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Jul 24

Complexifiers and Simplifiers

Scott Berkun says “There are two kinds of people: Simplifiers and Complexifiers

And of course, the Complexifiers in the comments go nuts.   I think that there are two kinds of people – the kind that can tolerate the “glossing over” of aspects of a problem space, and those who can’t

I’ve just analyzed my mental database, and as far as I can tell, every, and I mean every successful entrepreneur started out by solving a complex problem, by ignoring everything but the one or two key things that made the problem interesting.

  • Google:  We’ll focus on making a better searching algorithm.   They didn’t worry about content, or network effects or portals.
  • Microsoft: We’ll build a basic interpreter for the new 8086 chips.
  • Dell: We’ll make it so you can order computers from a catalog
  • Cisco: We’ll make a hardware equivalent to the software routing code inside BSD Unix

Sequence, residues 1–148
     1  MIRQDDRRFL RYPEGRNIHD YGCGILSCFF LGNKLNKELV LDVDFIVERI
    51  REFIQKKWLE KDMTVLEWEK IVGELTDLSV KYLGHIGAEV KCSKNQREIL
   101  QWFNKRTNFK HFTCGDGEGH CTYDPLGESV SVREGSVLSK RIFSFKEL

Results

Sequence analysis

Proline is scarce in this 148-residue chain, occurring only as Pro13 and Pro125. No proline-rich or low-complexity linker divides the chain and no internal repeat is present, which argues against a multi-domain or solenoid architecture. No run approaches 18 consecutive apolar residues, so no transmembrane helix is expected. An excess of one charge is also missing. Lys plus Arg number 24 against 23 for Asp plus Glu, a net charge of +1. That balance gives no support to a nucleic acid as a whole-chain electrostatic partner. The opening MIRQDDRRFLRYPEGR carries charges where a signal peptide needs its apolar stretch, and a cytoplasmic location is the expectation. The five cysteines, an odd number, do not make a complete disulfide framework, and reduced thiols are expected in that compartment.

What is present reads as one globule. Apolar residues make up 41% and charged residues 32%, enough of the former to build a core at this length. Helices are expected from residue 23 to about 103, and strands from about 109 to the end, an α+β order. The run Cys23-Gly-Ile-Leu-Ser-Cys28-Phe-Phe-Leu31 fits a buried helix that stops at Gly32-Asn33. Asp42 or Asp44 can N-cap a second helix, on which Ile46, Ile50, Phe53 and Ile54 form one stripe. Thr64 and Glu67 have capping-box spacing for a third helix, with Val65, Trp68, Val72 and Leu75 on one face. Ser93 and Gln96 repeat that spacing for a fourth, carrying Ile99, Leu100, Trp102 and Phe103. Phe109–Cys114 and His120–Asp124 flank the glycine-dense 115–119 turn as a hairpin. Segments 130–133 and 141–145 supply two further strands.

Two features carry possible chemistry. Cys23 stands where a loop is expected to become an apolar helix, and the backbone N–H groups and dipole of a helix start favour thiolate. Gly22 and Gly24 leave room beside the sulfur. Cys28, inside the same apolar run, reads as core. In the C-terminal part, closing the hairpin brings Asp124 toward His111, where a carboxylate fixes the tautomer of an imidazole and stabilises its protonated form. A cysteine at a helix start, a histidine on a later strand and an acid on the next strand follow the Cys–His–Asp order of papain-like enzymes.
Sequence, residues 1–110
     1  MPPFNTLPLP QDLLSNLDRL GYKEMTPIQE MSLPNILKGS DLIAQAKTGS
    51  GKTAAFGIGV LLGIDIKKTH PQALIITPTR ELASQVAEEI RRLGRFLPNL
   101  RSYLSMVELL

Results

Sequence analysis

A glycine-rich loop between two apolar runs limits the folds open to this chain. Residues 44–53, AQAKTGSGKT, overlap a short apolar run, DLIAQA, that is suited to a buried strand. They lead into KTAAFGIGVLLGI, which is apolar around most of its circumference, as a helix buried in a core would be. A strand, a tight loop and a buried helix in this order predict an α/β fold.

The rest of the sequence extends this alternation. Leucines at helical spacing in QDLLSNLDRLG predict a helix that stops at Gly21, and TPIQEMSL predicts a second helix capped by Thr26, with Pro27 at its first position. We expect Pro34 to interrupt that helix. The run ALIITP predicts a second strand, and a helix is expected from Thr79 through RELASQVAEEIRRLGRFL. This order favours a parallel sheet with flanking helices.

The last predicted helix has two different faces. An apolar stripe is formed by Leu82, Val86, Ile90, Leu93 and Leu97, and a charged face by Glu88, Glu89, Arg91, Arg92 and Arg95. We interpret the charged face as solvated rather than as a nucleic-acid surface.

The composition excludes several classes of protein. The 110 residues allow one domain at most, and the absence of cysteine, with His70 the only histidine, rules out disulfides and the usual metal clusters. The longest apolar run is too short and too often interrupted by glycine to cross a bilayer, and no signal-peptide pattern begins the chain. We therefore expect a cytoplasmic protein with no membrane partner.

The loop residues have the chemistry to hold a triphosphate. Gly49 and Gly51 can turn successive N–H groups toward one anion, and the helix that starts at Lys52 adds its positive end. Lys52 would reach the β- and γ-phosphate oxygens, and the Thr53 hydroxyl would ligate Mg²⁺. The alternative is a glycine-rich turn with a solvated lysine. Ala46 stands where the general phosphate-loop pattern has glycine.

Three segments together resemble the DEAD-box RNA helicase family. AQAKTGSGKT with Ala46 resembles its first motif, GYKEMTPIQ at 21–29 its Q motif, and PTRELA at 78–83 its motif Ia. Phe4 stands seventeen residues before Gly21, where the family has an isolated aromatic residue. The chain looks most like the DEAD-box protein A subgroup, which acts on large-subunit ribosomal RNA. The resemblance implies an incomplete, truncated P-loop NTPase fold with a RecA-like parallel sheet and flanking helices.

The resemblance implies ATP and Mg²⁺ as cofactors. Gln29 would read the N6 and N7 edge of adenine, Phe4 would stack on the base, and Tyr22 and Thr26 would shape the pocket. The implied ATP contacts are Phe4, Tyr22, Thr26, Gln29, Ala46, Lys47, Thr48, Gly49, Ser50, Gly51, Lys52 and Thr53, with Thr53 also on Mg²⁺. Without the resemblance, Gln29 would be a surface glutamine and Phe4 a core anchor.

• Hershey: We will make milk caramels
  • Ebay: We will make it so people can buy from each other
  • Oracle: We will create a relational database
  • Motorola: We will make radios for cars
  • McDonalds: Consistent food at a low price
  • Ford:  We will make a car that is cheap and reliable.

Every single one of those strategies was rife with complexity – what about supply chains? What about inspections? How will we manage quality?  How will we deal with hardware changes? How will we take orders?  How will we grow quickly?

But all of those, it turns out, were side issues – they correctly identified the core issues that people cared about, and ignored the rest.  They simplified, and by simplifying, they were successful.
Now, many startup businesses that attempt to simplify fail because they simplified the wrong things.   And I’m sure there are a few businesses that succeeded out with “we’re going to do x, y, z, w, a, b and c and dominate the market”.  But in my experience, it is very, very rare to win with the “we’re going to solve every aspect of a complex problem”.

In general, that seems to be the case regardless of the kind of project you’re working on – initiatives that attempt to simplify a complex problem succeed much more often than initiatives that attempt to manage a complex problem.  Most “managing” solutions that I’ve seen end up living a perpetual undeath of partial use, unable to actually succeed at anything.

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